Four years ago the General Motors strategic plan called for replacing every car line that was not yet front-wheel drive with one that was by 1985. At the time only two of GM's primary body lines had front-drive. The only exceptions in the switch to front-drive were to be a few limited-production vehicles, such as the sporty Chevrolet Corvette and the plastic-clad Pontiac Fiero.
The world's biggest automaker has since scrapped its strategic plan and now intends to keep its larger cars rear-wheel drive indefinitely. Ford and other major manufacturers such as Volvo and Mercedes plan to do the same.
GM was by no means alone in thinking that it was the accepted wisdom of the day that powering a car through the rear wheels was simply out of date and an inferior technology. Today the question of just how far the front-wheel-drive system will spread inside the auto world is a seriously contested one.
The argument doesn't involve smaller cars, which are thought by all in the auto industry to be shoo-ins for front-drive configurations sooner or later. Most of the smaller cars, in fact, are already there. The exceptions are the older models such as the Chevrolet Chevette, and few expect to see them survive long as rear-wheel vehicles.
James Walker, a car buff and rally driver here, says in defense of the older rear-wheel-drive system: ``It fits the instincts of the driver. When going around a curve too fast, and the rear end starts to let go, the tendency is to let up on the gas and steer in the direction in which the rear end is beginning to slide.''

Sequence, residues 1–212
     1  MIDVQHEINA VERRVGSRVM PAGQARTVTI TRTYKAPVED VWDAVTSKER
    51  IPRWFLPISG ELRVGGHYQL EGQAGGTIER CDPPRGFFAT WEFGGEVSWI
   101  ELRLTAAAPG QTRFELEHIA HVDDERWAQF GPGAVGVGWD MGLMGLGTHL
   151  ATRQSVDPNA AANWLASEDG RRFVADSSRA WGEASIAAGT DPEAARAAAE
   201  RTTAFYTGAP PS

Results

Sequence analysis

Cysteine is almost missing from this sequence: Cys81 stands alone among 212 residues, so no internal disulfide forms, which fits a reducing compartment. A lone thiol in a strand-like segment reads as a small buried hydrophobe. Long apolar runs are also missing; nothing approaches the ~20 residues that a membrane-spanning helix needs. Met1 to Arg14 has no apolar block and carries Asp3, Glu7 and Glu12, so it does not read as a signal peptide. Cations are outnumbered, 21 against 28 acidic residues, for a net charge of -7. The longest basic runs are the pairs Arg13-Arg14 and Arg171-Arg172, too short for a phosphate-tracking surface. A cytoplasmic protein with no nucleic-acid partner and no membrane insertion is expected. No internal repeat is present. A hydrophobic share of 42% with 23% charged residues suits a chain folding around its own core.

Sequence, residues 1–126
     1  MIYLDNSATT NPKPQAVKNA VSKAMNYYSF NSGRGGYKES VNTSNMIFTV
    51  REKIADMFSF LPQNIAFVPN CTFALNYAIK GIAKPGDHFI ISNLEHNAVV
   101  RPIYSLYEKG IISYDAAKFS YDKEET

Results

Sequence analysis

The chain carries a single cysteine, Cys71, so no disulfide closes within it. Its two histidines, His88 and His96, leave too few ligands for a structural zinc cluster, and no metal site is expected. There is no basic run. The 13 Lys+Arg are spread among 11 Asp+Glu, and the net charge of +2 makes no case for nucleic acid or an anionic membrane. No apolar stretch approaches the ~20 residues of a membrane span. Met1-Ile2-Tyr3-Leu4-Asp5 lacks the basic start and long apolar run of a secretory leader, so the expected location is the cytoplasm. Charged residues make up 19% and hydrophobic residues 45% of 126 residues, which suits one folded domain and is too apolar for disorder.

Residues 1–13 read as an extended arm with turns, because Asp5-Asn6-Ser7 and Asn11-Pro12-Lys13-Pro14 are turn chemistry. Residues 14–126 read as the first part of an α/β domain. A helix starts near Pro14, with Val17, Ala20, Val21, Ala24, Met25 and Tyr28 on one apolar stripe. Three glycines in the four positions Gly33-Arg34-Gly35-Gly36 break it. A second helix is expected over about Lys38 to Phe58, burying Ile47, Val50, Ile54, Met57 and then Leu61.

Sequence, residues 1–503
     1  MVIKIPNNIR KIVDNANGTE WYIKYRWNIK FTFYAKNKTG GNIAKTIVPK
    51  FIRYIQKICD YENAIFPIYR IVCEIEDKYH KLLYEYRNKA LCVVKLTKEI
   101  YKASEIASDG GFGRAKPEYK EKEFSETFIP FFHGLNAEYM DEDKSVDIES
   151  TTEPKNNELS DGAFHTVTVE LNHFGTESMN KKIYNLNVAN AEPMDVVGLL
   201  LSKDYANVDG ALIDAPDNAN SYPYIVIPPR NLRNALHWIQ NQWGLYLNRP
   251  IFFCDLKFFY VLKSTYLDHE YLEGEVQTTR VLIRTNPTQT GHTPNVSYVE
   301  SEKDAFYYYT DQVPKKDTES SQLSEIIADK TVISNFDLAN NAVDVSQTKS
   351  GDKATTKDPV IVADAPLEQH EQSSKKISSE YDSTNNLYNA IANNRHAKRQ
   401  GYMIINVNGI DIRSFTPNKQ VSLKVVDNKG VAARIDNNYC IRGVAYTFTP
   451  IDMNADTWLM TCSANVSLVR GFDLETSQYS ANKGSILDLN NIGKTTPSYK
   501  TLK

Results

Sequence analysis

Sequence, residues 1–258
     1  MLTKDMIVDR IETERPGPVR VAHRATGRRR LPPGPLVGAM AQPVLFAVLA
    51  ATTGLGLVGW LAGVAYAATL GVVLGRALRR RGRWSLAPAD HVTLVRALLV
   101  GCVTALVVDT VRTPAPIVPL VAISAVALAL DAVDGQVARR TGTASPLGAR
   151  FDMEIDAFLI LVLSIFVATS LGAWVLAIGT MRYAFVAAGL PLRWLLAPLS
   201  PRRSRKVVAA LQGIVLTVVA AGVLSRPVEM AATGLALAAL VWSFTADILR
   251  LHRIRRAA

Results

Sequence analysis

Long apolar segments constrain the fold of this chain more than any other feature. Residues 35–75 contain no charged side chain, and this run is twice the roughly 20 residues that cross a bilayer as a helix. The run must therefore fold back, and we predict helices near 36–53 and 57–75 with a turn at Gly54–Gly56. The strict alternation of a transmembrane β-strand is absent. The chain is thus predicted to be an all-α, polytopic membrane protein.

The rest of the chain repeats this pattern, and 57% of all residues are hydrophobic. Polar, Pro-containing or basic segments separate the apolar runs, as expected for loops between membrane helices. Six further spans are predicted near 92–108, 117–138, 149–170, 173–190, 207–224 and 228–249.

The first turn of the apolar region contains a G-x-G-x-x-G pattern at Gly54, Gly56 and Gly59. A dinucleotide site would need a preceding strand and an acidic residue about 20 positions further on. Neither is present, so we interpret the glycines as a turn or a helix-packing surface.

If the power is to the rear wheels, that's the correct way to recover control. But with front-wheel drive, the correct way to recover control is to add just a little bit of power and steer in the direction you want the car to go. That's both difficult and against the instincts of the driver, Mr. Walker says.
Race drivers also like rear-wheel drive because it lets them ``steer'' a car with the rear wheels.
``The sports enthusiast wants power under the rear wheels because it lets him control how much turn he makes,'' says James Dunne, a Detroit technical writer. ``You want to ask each set of wheels to do one job, power or steer. With front-wheel drive you're asking for both power and steering.''
To emphasize the point, he adds: ``Porsche will stick exclusively to rear drive.''
Even Cadillac is having second thoughts on the matter. For 1986 some of its de Ville models that are front-wheel drive this year will soon be rear-wheel drive.
In the bigger cars the advantages of front-wheel drive, particularly in terms of interior room, are diminished. ``Front-wheel drive still makes the most sense in small packaging,'' says Mr. Walker. ``But in midsize and larger cars, it's less and less important.''